Palau is an archipelago of over 500 islands, part of the Micronesia region in the western Pacific Ocean. Koror Island is home to the former capital, also named Koror, and is the islands’ commercial center. The larger Babeldaob has the present capital, Ngerulmud, plus mountains and sandy beaches on its east coast. In its north, ancient basalt monoliths known as Badrulchau lie in grassy fields surrounded by palm trees.
Palau is scenically magical for such a tiny area of land, it packs a big punch. It’s hard not to be overwhelmed by its extraordinary array of natural wonders: this is an archipelago of about 200 largely pristine limestone and volcanic islands, blanketed in emerald forest, surrounded by a shimmering turquoise lagoon. Unsurprisingly, diving is the number-one activity here, with truly world-class dive sites.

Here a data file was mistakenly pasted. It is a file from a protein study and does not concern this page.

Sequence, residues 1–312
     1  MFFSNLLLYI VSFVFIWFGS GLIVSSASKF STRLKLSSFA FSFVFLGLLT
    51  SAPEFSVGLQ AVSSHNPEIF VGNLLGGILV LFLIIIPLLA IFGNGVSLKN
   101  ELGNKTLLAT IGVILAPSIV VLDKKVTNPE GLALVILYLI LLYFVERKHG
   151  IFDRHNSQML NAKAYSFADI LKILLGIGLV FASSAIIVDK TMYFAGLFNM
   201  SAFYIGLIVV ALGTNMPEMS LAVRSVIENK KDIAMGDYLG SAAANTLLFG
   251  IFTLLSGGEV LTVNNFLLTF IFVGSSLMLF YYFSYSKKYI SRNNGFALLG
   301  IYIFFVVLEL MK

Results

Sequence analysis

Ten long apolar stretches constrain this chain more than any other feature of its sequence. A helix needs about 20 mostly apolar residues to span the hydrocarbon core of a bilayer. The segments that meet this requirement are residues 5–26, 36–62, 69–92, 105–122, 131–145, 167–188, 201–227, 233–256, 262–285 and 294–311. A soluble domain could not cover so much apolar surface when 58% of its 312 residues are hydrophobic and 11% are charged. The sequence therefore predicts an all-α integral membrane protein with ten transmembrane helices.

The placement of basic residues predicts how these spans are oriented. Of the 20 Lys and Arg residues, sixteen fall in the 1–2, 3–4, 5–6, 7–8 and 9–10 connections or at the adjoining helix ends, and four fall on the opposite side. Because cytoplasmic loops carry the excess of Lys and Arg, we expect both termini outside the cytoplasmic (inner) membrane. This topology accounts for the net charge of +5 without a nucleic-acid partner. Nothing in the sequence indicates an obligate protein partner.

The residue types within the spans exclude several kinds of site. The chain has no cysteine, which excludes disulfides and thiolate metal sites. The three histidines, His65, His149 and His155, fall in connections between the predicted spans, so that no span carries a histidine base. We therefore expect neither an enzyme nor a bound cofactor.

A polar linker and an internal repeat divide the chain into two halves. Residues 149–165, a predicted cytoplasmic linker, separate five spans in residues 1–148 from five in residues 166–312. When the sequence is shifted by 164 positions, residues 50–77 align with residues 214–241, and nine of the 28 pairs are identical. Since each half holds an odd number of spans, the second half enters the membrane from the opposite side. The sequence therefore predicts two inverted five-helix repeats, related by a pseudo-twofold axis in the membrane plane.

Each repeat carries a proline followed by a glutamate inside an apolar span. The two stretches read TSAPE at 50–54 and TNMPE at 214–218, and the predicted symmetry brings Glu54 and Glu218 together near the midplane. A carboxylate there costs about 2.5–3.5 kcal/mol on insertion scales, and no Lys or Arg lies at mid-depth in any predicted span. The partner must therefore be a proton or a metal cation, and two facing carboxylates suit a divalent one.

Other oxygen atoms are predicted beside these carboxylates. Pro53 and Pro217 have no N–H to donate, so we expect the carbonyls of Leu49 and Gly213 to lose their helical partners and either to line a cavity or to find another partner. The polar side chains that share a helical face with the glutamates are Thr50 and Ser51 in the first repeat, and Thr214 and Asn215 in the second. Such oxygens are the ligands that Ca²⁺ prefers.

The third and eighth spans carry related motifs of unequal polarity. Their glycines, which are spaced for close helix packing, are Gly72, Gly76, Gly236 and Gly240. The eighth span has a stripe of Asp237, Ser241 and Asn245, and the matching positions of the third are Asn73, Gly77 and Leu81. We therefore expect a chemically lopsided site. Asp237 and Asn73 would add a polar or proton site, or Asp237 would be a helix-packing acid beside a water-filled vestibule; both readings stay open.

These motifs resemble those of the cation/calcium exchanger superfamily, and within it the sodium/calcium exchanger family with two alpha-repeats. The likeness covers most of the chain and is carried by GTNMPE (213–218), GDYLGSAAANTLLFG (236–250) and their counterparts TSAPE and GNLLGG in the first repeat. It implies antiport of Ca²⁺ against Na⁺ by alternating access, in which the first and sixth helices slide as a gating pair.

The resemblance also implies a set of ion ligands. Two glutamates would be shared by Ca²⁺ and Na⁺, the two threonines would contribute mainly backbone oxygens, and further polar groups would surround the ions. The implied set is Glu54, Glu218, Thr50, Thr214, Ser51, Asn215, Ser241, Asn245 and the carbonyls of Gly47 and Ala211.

Palau is the most western island group in Micronesia that comprises thousands of small islands in the western Pacific Ocean. At only seven degrees north of the equator, this is a true tropical playground. To get there from Australia the easiest and most direct way is via Guam, which although is similar in geology and geography to Palau, has been altered beyond repair by the Americans as it remains to this day an important military base.
CRYSTAL CLEAR WATER, tropical vegetation, no in-water stingy things, sensational scenery, hundreds of uninhabited islands, great fish and shark life, birds of every kind, friendly locals, manta rays, whales and dolphins, insane coral quality, kayaks and a seven-day expedition that is guaranteed to make every single one of your friends green with envy.